Thursday, 12 July 2012

Biocontrol bacteria

While I put together the rest of my reflections on five years series, here's something else in the meantime. After a marathon effort, we've finally published our manuscript on the genomes of biocontrol Pseudomonas bacteria in PLoS Genetics. Biological control is the use of biological organisms to control pathogens, parasites or other pests. In this case, we are looking to use Pseudomonas bacteria that live naturally on plant roots, leaves or blossoms to protect plants from plant disease. An example of a bacterial biocontrol agent is Pseudomonas fluorescens A506 which is sold commercially as BlightBan A506 and is used for the suppression or control of the disease fireblight in pear and apple orchards.

This is an area of research I got into through collaboration with Joyce Loper's group in Corvallis, Oregon. Together with Joyce and an army of other collaborators we published the first genome of a biocontrol bacteria, Pseudomonas fluorescens Pf-5 in Nature Biotechnology back in 2005. We decided to follow up this original genome paper by looking at a broader range of biocontrol Pseudomonas bacteria that were specific for different plant hosts and provided protection against different plant pathogens.

This became somewhat of a marathon project. We wrote the original grant to the United States Department of Agriculture to fund this work back in early 2006. The sequencing work started in 2007. This was then followed by literally years of effort in analyzing the genomes and undertaking functional studies to confirm the findings from genome gazing. We wanted to make this a comprehensive or definitive work on the topic. It was a massive relief when we finally managed to get the manuscript submitted early this year. The reviewers of the manuscript appreciated it's monumental nature, with one of them stating "This manuscript stands well above the crowd, representing an heroic level of genome characterization and overall being a model of what such studies should aspire to." I can honestly say I haven't had a reviewer say that before.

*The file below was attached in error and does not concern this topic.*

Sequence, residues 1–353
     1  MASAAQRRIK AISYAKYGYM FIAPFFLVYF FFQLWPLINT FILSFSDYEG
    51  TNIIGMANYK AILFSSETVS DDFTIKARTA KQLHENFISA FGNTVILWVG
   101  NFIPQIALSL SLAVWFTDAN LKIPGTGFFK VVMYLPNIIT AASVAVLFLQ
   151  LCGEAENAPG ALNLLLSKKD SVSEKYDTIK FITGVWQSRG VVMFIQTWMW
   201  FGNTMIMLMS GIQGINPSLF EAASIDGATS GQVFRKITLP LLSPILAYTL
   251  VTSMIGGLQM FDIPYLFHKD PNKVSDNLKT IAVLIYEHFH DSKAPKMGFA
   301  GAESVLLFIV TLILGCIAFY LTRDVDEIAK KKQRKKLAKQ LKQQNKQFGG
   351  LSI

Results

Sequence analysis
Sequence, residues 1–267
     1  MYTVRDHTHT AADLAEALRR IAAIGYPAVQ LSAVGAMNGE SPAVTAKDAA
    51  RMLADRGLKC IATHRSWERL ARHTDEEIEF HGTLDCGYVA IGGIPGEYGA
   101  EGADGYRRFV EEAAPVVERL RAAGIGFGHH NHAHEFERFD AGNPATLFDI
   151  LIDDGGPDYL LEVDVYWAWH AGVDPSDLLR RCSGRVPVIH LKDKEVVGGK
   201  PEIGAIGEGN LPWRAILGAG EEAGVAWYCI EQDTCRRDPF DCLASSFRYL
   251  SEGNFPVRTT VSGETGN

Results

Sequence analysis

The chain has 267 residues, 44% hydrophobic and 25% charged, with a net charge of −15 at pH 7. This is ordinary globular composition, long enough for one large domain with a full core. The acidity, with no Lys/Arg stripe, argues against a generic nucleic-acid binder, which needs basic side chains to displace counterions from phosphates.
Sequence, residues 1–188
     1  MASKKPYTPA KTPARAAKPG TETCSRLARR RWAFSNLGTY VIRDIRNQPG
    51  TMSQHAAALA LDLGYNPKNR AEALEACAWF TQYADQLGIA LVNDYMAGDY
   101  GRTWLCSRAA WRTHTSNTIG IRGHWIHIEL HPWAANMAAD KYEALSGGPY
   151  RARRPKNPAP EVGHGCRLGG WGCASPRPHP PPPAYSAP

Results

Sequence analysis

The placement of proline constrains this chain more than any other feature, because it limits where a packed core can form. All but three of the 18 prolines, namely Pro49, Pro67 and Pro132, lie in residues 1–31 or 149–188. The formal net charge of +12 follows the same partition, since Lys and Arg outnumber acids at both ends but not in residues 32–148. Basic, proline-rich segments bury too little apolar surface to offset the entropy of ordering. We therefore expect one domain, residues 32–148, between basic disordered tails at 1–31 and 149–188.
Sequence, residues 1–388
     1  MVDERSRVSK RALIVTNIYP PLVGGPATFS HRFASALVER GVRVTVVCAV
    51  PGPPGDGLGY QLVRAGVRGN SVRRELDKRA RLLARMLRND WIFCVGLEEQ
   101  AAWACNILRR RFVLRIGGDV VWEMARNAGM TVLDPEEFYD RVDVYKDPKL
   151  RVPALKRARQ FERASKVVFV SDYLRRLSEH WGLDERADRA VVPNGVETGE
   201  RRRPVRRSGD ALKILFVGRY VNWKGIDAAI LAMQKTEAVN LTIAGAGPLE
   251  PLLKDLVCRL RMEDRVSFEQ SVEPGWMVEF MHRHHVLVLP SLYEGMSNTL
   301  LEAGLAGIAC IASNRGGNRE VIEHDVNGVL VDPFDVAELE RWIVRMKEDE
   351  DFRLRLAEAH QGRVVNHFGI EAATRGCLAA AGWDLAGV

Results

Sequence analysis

Thanks to the whole team of collaborators who worked hard on this project, particularly Joyce Loper, without whose tireless efforts this paper would never have seen the light of day.

Fig 6 from the PLoS Genetics paper showcasing the different capabilities of the sequenced Pseudomonas biocontrol bacteria- not only informative but also highly attractive!

1 comment:

  1. Corrected a mistake in this post. The correct funding agency was the USDA's National Institute of Food and Agriculture.